Online social media is now widely acknowledged as the new frontier of corporate communications. Indeed, nearly 80 per cent of large companies now use social media to connect with their customers. Having an online presence has become effectively mandatory, but with that comes a range of risks, including in relation to potentially misleading or defamatory statements.
The recent decision in Madden v Seafolly Pty Ltd  FCAFC 30 is a timely reminder of the importance of considering and managing these risks. This decision was an appeal from the judgment of a single judge in the Federal Court under sections 52 and 53(a) of the Trade Practices Act (you can read our post on the primary decision here). The dispute arose out of allegations made by Ms Madden on her personal and business Facebook pages that Seafolly had copied a number of her swimwear designs. On appeal, the court found in favour of Seafolly, rejecting all of Ms Madden’s grounds but one (which was remitted for consideration). It was held that Ms Madden’s statements constituted misleading and deceptive representations in connection with the supply and promotion of swimwear. This decision highlights that a social or personal post can have equally damaging legal ramifications as posts made on corporate accounts.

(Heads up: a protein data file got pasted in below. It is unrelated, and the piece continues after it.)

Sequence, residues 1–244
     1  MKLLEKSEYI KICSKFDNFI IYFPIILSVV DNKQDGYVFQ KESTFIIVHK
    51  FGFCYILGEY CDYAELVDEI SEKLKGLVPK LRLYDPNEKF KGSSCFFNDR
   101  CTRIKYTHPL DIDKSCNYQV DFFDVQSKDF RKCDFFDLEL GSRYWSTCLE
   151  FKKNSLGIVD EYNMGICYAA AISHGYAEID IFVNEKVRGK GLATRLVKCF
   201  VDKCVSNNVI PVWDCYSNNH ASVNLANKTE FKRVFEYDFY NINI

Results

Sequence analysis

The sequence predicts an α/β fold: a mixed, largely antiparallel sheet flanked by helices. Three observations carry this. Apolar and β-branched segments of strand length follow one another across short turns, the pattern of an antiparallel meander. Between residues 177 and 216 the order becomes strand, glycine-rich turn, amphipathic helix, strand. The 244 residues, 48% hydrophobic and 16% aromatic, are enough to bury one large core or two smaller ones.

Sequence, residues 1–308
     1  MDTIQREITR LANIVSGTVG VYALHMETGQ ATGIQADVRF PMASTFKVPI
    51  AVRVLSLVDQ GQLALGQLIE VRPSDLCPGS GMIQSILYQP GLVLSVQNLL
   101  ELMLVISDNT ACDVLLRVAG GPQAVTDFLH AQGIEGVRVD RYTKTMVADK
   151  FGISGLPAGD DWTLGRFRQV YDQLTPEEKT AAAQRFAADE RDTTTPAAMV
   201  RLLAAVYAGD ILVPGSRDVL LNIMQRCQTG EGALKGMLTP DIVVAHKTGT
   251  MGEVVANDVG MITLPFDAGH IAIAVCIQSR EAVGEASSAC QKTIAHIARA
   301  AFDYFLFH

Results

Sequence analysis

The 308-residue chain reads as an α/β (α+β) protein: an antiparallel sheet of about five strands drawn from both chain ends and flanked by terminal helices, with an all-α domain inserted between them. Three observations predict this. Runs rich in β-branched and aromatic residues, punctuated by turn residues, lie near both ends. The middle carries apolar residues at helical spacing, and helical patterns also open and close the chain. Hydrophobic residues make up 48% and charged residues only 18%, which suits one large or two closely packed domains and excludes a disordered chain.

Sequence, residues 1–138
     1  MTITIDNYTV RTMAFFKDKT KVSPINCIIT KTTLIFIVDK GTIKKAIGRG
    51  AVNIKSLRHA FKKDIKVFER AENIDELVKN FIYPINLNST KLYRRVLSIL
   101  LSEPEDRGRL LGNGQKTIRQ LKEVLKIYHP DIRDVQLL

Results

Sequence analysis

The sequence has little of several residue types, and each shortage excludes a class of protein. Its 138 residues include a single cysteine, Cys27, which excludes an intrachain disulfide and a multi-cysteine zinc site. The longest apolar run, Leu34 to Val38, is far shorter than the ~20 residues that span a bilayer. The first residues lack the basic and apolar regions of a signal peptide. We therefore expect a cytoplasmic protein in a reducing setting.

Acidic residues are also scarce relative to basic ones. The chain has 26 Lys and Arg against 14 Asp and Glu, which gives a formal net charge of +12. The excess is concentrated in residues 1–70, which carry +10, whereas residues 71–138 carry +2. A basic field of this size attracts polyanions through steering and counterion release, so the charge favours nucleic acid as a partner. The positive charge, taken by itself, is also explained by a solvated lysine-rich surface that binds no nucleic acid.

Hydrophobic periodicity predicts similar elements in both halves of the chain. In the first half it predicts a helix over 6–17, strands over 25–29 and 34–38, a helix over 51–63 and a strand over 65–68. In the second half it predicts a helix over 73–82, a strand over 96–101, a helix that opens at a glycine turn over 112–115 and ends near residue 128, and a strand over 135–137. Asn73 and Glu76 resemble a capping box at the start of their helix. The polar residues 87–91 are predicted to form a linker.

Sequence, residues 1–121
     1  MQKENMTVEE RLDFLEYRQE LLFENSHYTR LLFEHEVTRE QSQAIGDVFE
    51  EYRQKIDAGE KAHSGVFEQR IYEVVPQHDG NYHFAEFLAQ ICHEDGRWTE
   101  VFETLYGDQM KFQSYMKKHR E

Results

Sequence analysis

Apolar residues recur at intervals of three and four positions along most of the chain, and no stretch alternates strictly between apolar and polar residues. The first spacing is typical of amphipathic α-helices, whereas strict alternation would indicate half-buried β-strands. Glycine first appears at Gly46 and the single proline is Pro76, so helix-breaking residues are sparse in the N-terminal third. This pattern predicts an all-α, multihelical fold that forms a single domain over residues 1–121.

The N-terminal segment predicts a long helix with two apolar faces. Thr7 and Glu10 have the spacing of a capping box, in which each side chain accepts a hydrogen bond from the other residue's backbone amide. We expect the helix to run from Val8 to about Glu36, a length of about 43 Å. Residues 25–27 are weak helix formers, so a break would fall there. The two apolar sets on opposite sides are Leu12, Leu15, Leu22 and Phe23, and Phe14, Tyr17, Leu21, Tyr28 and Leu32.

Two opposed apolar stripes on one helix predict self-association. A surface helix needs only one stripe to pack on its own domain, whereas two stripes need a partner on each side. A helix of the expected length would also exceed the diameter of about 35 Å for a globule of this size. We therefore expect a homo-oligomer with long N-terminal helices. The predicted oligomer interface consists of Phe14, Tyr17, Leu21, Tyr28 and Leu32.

We have recently published an article in the Internet Law Bulletin that considers some important issues in relation to corporate social media raised by this judgment. In particular:
how do we distinguish between “personal communications” and those made “in trade or commerce” on social media platforms; and where is the line between assertions of fact and expressions of opinion, and how does the way we engage with social media impact on this distinction?
A copy of this article is available here: You can post but you can’t hide: Madden v Seafolly Pty Ltd and the brave new world of corporate social media